About: Jennifer S. Li

I'm a gallery teacher at the J. Paul Getty Museum with a voracious fascination for contemporary art, especially from China. In my spare time I oscillate between the poles of hiking enthusiast and bookworm as I try to keep up with my New Yorker subscription and ArtAsiaPacific magazine (for which I'm the L.A. desk editor).

Posts by Jennifer S.

Posted in Art, Art & Archives, J. Paul Getty Museum, Photographs, Film, and Video

Masterpiece of the Week: Andy Warhol’s Polaroid, a Self-Portrait for the Facebook Age

Polaroid portrait of Jennifer S. Li

Andy Warhol was asked by the Polaroid Corporation in 1979 to create a series of works promoting its new product—a giant 800-pound camera that produced instant large-scale color photographs almost three feet tall and two feet wide. Warhol produced ten… More»

Tagged , , , , , 3 Responses
Posted in Art, Art & Archives, Education, Exhibitions and Installations, J. Paul Getty Museum, Photographs, Film, and Video

Question of the Week: Do Americans See the World through a Distorted Lens?

Sol and Cuba, Old Havana, Looking North from Alberto Roja's 1951 Plymouth, Havana, Alex Harris, negative, May 23, 1998; print, December 2007. Chromogenic print, 30 1/8 x 37 3/4 in. The J. Paul Getty Museum, 2010.90.3. Gift of Michael and Jane Wilson, Wilson Centre for Photography © Alex Harris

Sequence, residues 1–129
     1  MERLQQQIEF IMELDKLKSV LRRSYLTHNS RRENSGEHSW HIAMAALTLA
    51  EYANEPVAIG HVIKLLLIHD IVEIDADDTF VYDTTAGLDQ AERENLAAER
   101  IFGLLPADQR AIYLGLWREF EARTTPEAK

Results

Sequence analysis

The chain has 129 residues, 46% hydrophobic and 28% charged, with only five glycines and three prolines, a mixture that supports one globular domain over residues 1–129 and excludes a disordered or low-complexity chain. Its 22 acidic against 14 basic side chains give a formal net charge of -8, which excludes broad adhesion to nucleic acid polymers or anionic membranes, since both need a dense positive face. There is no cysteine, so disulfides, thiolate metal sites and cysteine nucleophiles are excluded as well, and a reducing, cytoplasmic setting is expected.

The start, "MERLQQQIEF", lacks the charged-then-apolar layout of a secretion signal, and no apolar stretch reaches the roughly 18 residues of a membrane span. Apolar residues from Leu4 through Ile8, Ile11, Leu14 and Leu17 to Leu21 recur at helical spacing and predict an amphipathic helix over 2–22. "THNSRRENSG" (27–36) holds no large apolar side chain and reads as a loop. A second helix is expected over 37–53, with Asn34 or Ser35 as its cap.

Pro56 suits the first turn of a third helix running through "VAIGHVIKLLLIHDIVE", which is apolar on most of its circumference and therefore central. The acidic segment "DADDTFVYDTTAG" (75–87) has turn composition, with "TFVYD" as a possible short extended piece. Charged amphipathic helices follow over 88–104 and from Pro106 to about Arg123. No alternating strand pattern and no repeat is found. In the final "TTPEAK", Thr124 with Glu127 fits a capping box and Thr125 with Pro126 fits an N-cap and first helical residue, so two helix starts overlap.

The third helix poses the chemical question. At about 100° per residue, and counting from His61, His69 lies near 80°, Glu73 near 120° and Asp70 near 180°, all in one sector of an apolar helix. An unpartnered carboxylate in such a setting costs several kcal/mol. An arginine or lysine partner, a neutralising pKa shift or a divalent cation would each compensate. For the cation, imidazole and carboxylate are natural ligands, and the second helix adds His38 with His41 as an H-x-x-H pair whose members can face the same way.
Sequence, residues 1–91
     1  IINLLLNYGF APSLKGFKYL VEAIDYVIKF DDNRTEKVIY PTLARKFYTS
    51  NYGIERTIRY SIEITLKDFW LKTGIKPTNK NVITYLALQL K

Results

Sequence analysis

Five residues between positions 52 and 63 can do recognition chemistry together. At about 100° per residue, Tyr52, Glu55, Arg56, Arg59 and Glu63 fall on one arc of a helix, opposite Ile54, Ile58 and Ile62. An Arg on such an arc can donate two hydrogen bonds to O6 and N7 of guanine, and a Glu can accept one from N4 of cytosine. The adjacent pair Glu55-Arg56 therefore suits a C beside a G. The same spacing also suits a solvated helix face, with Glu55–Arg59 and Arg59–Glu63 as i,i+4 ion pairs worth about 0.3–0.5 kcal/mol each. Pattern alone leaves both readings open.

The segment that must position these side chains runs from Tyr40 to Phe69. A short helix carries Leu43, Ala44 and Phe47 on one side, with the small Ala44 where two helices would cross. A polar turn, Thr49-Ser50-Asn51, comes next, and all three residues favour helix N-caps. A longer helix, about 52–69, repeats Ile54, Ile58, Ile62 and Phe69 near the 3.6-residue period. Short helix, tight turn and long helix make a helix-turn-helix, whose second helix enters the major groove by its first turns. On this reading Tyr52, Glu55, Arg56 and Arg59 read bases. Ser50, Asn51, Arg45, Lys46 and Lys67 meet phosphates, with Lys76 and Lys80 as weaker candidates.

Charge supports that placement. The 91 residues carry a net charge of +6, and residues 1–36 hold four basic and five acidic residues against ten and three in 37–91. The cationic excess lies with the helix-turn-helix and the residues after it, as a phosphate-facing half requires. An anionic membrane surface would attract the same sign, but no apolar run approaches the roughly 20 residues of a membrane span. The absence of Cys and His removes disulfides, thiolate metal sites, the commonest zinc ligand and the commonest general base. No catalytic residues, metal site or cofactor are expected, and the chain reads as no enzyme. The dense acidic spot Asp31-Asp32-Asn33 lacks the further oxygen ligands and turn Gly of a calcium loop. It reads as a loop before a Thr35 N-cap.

Sol and Cuba, Old Havana, Looking North from Alberto Roja's 1951 Plymouth, Havana, Alex Harris, negative, May 23, 1998; print, December 2007. Chromogenic print, 30 1/8 x 37 3/4 in. The J. Paul Getty Museum, 2010.90.3. Gift of Michael and Jane Wilson, Wilson Centre for Photography © Alex Harris

Initially designating himself an “ignorant American,” photographer Alex Harris went to Cuba in 1998, camera in tow, without preconceived notions. He simply wondered what photography could tell him about this neighboring country that he, along with so many other Americans,… More»

Tagged , , , , , , 12 Responses
Posted in Art & Archives, Education, Exhibitions and Installations, J. Paul Getty Museum, Photographs, Film, and Video

Zhang Huan: Beyond the Body

Family Tree / Zhang Huan

The body, being, and humanness are Zhang Huan’s primary mediums and subjects. More»

Tagged , , , , 1 Response
  • Facebook

  • Twitter

  • Tumblr

    • photo from Tumblr

      Clocking in at a giant 400 square feet, this tapestry, Triumph of Bacchus, teems with tiny details and hidden narratives.

      Here are just three:

      • At bottom center, Bacchus poses on the world’s largest wine fountain.
      • To the left, a sad, Eeyore-like donkey waits for satyrs and men to unload grapes from his back.
      • To the right, a rowdy monkey rides a camel that carries wooden barrels—presumably to be filled with wine.

      The tapestry is one of the highlights of the exhibition Woven Gold: Tapestries of Louis XIV. (L.A. folks: final weekend!)

      More on The Iris: A Tour of the Triumph of Bacchus

      Triumph of Bacchus (overall view and details), about 1560, design by Giovanni da Udine under the supervision of Raphael; woven at the workshop of Frans Geubels, Brussels. Wool, silk, and gilt metal-wrapped thread. Courtesy of Le Mobilier National. Image © Le Mobilier National. Photo by Lawrence Perquis

      04/29/16

  • Flickr